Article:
Got very busy around here, hence my extended silence. To make matters worse, there’s Euro 2012 now so…while Zach Kron continues to chirp away at funky forms, nodes, divided surfaces and adaptive component families, I think I’m going to continue pointing out the Quirks of Revit WallsTM .
When you unlock the bottom of a wall layer, you can extend it past its bottom constraint (and vice versa for the top). This functionality has been in Revit for as long as I remember. Nowadays we get a lot more control through Parts functionality if we want to fine-tune for panel joints, thickness, extents, etc. Layer unlocking is very handy when trying to rest the base of masonry veneer on a brick ledge or when you want the gypsum board layer to stop below the top of the stud layer for example.
However there is a peculiar condition that we’re presented with when we edit the profile of a wall to create an opening. I totally understand the programming logic of why, but from an architect/builder perspective, this does not make any sense at all. When the profile is edited, the bottom-most horizontal line is still recognized as the base of the wall, so if you edit the Base Extension Distance, you end up with that same extension happening at the “opening head”. And as you might have guessed, the programmer and I just don’t see eye to eye on this one as I don’t believe it should behave this way. Anyone else agree?
So in an effort to outsmart Revit, I inserted an opening instead. As you can see in the middle example above, it seems to solve the issue. However this only works if there is a positive offset value for the opening and as you can see on the right example with the opening having a negative or no base offset, the opening head is messed up once again…#fail3.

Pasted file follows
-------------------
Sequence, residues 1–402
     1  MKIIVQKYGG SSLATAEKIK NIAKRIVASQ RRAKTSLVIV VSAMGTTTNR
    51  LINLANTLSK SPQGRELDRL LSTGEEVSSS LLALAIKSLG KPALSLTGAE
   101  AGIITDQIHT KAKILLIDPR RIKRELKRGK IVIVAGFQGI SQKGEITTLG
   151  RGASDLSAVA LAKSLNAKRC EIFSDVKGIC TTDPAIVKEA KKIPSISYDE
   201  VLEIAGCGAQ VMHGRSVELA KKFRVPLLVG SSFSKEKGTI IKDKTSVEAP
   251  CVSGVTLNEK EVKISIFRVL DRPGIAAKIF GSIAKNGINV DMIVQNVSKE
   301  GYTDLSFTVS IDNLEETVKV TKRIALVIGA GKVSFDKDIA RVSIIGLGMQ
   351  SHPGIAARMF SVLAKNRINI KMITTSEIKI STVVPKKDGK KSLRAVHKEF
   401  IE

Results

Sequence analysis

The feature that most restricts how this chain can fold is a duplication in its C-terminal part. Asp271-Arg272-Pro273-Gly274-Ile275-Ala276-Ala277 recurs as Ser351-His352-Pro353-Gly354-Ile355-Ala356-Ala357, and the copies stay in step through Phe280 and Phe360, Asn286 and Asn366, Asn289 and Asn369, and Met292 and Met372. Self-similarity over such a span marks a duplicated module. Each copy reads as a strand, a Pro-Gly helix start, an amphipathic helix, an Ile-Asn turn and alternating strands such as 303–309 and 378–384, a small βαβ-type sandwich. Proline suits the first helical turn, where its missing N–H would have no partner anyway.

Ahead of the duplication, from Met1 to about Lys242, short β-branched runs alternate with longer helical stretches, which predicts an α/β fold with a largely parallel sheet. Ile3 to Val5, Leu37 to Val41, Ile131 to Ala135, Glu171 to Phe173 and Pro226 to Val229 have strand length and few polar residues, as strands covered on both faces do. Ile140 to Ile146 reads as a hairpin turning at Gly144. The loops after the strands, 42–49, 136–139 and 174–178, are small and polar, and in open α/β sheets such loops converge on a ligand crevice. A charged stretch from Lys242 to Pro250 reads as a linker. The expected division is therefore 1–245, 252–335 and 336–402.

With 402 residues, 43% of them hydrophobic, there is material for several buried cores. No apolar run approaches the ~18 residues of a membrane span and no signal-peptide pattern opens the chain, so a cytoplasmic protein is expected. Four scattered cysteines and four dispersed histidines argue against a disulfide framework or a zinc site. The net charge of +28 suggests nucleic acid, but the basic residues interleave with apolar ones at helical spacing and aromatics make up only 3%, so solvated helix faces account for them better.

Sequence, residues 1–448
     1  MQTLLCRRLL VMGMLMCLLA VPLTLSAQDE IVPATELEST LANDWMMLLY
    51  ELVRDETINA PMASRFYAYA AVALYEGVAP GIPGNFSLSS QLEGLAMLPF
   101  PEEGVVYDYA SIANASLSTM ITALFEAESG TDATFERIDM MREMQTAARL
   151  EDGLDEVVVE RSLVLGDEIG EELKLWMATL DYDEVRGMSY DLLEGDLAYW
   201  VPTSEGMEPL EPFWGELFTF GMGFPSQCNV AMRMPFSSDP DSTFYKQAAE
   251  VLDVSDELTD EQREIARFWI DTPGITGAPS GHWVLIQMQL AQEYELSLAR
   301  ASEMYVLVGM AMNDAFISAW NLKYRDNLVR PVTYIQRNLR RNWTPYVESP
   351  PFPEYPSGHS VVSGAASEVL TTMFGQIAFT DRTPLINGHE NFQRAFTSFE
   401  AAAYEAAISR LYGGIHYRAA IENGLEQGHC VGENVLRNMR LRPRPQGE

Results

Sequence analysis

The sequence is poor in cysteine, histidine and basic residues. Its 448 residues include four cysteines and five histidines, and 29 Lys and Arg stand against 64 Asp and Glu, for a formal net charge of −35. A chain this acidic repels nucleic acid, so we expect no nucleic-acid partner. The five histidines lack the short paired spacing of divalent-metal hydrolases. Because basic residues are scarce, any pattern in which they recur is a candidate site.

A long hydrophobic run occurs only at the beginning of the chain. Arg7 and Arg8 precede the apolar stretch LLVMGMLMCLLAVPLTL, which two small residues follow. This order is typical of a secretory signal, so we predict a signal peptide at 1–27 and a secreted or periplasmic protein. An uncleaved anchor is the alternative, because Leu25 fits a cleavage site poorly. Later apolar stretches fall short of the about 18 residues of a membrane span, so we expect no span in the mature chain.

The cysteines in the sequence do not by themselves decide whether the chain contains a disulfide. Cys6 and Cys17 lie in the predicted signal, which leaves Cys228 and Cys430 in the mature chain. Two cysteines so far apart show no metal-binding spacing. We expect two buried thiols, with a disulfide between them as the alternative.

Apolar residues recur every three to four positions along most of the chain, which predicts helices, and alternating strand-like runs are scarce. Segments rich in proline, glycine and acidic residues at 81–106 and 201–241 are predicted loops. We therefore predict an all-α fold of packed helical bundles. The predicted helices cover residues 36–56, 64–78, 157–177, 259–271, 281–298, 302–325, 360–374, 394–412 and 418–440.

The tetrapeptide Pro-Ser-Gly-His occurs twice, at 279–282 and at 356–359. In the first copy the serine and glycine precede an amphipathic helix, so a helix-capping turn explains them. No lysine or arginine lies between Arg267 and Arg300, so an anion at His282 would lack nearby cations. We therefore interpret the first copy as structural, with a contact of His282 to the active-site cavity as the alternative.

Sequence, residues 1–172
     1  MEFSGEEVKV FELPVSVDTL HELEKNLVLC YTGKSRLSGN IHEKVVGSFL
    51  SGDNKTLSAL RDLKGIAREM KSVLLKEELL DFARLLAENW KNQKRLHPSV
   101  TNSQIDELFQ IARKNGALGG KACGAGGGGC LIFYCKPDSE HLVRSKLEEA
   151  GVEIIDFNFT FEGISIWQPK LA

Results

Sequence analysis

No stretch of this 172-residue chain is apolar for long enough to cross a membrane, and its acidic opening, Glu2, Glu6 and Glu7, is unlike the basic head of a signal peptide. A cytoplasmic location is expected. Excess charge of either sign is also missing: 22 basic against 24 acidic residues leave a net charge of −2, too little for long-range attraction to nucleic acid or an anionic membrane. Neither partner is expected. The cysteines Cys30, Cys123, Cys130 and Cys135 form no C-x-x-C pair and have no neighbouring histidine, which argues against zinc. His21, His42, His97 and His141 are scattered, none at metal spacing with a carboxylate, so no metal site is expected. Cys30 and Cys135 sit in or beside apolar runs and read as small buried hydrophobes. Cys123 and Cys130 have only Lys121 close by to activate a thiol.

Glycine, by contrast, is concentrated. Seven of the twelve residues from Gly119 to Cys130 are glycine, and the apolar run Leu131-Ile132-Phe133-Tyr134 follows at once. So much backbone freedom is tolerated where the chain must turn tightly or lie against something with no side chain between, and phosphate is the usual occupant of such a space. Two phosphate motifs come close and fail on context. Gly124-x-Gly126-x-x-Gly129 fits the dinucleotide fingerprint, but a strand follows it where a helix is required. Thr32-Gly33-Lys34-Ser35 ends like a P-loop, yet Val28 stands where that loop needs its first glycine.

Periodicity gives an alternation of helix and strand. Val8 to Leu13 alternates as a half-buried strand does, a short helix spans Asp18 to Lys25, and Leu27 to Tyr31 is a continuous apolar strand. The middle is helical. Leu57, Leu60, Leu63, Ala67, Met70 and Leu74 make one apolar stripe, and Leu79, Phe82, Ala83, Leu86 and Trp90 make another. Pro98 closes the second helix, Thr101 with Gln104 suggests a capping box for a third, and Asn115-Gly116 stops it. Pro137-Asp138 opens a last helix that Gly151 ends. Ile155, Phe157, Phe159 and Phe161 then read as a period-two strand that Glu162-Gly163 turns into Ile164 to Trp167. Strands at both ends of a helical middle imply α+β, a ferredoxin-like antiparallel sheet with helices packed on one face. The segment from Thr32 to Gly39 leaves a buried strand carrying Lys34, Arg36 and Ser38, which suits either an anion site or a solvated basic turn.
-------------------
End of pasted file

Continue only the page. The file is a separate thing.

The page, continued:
By now you’re ready to stop using the unlocked layer functionality; but wait a minute, there is a way (as always!): start an in-place wall family and create an opening in there (Revit will ask you to pick a host).
I know, it shouldn’t be this hard. We see eye to eye on that one.
When working on my first Revit project, I dealt with this same issue only to have it resurface years later while helping another team. It was actually the same exact design scenario: an exterior wall with varying “panel” finishes and continuous stud backup. The team edited the profile of one wall and nested the other in. However when the layers were subsequently unlocked and the masonry lowered to rest on the brick ledge, all head conditions messed up and started overlapping the layers of the nested wall. In such a case, your best option is to not even mess with openings and just embed one wall within another using the Cut tool in plan view, since it’s easier there.
Now when you need to adjust the size and location of the embedded walls, you won’t have to chase around the project correcting the openings as well. And the unlocked layers won’t give you any heartburn either.